Financial Innovation Through the Centuries
Chinese "tool money" serves as one of the earliest forms of coins.
Banknotes appear in China.
Edward Lloyd's London coffee house becomes a center for marine insurance.
Woodrow Wilson signs the U.S. Federal Reserve Act, which establishes the nation's central banking system.
The U.S. creates the Federal Deposit Insurance Corp. in response to a number of bank failures during the Great Depression.
An absolute return or "hedged fund" is created by financial journalist-turned-investor Alfred Winslow Jones.
Diners Club International launches the first multi-purpose charge card.
Bank of America launches a credit card with a revolving line of credit.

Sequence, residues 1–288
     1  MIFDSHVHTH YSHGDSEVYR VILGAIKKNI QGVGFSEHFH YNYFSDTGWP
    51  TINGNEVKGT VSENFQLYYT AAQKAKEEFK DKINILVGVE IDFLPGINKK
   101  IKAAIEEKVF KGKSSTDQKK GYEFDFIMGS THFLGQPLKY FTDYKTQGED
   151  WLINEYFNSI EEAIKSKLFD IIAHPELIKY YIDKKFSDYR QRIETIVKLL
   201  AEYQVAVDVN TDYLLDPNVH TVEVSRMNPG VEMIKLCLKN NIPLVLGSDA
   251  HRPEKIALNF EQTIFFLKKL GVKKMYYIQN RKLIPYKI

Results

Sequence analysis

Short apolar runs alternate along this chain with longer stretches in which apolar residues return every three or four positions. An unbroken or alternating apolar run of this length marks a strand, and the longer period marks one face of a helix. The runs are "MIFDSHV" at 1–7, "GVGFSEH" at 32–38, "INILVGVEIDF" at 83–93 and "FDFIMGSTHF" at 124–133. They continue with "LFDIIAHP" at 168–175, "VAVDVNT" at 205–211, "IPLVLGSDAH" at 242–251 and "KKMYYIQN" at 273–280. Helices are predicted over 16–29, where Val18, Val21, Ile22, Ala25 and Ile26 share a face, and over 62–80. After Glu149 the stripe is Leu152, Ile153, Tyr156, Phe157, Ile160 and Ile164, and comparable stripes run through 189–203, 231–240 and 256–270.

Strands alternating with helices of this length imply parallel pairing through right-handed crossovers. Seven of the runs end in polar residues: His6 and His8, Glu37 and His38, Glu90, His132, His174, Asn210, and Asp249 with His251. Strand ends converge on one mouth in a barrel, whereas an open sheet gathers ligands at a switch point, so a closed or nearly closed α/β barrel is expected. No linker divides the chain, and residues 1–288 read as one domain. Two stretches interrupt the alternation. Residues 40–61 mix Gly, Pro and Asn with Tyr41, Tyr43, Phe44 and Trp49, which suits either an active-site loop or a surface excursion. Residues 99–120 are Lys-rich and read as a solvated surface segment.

The U.S. abandons fixed exchange rate system, a decision largely influenced by then Under-Secretary of the Treasury for International Monetary Affairs Paul Volcker.
IBM launches point of sale terminals that are linked to a mainframe store computer.
Nowadays, financial innovators are focused on digital payment platforms and alternative currencies, but coins were once revolutionary. American Banker takes a look at some of the more noteworthy advancements in the evolution of financial services, using the World Economic Forum's recent report "Rethinking Financial Innovation" as a guide.
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